Second, integral theory in the 1970s was designed similarly with a profound claim to universality. Hence, the American writer on transpersonal psychology Ken Wilber called it a theory of everything. The essence of integral theory and practice however remained on the phenomenological side, describing individual and societal self-observation habits and routines as well as their implications rather than explaining them. Nevertheless, integral theory bridged the sociological perspective to a psychological perspective along the works of the Swiss psychologist Jean Piaget on cognitive development and the American psychologist Lawrence Kohlberg’s stages of moral development as well as the American developmental psychologist Jean Loevinger theory of ego development. Integral theory accepts epistemological contingency based on individual psychological development and acknowledges societal implications of this very contingency.
Finally, the theory of resonance explores the affective side, not only of social interaction but of individual and collective world access. If everything is connected with everything, we may want to have a closer look at the qualites of these interdependences. The German sociologist Hartmut Rosa does so building on the studies on mirror neurons by the German psychiatrist and neuro scientist, Joachim Bauer, conceiving a sociology of resonance claiming that if acceleration is the challenge of the 21st century, resonance could be regarded as a solution.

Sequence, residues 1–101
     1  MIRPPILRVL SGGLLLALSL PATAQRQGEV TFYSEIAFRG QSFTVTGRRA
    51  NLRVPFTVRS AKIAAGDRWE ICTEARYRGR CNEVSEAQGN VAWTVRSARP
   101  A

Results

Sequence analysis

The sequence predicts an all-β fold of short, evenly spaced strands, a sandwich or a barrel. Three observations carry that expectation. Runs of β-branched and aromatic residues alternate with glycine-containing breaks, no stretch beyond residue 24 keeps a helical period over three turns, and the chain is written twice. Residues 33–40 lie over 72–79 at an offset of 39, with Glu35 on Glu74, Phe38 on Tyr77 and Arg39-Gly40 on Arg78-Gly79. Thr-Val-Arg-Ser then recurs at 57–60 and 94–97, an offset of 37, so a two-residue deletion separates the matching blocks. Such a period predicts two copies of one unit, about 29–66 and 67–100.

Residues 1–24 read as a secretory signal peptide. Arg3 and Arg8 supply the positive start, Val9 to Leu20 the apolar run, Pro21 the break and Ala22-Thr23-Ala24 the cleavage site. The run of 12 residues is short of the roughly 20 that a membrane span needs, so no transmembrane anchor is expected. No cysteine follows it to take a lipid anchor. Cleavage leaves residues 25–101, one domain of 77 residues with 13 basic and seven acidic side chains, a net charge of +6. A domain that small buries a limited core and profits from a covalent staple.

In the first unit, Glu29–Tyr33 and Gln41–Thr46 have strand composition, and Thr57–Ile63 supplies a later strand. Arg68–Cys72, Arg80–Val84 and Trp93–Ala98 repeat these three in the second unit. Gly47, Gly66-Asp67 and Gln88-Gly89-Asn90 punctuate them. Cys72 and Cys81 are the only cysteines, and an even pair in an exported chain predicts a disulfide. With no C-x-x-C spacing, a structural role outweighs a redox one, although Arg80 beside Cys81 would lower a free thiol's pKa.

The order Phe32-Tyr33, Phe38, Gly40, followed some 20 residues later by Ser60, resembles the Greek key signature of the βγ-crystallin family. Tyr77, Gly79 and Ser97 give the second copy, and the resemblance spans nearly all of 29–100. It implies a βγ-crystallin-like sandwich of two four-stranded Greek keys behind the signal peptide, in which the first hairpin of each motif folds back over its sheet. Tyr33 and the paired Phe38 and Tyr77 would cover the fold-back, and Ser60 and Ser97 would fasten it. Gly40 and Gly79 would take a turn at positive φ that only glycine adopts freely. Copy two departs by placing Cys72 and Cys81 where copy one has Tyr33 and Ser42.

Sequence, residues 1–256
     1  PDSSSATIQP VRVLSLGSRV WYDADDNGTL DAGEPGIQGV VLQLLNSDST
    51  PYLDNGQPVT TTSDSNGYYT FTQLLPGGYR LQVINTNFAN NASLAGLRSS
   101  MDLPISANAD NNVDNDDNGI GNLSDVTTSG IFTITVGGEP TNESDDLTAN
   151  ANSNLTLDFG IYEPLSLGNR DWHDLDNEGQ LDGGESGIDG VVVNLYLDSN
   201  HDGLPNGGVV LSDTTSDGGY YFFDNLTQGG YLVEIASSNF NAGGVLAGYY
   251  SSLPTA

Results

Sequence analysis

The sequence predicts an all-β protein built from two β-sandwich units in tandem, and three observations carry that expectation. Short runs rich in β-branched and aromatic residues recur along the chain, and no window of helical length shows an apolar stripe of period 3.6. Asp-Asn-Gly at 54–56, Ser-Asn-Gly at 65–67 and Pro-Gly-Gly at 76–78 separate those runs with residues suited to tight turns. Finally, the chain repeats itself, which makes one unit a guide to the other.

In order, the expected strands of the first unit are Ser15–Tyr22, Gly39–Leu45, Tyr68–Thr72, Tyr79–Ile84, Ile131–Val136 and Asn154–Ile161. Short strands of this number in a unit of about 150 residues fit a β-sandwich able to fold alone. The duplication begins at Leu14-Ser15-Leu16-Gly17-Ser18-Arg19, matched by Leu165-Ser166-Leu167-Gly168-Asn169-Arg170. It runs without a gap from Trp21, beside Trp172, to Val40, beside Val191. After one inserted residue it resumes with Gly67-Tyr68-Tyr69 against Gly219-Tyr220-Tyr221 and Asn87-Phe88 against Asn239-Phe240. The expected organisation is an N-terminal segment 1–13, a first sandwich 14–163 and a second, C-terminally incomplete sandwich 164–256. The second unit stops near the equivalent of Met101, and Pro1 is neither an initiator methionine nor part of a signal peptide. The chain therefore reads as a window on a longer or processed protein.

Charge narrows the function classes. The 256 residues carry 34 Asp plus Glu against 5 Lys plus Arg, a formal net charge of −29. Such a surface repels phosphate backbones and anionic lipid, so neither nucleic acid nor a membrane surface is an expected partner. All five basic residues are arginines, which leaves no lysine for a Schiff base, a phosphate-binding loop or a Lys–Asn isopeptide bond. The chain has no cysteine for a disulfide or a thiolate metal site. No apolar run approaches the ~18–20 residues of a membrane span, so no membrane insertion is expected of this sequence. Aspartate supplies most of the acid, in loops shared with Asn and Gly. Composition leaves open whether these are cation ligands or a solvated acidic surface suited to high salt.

Anthropocene Thinking is an invitation to the next epistemological turn based on the transdisciplinary practice of a community of inquiry. Following Aristotle’s insight that the whole is different from the sum of its parts, we may assume that a transdisciplinary venture into Anthropocene Thinking is more and different to the sum of systems theory, cybernetics, integral theory and a theory of resonance. Focusing on epistemological universality allows us to overcome the thinking that created the challenges of the 21st century and venture a new thinking that bears the potential to bring about the solutions allowing for thrivability and real earth stewardship.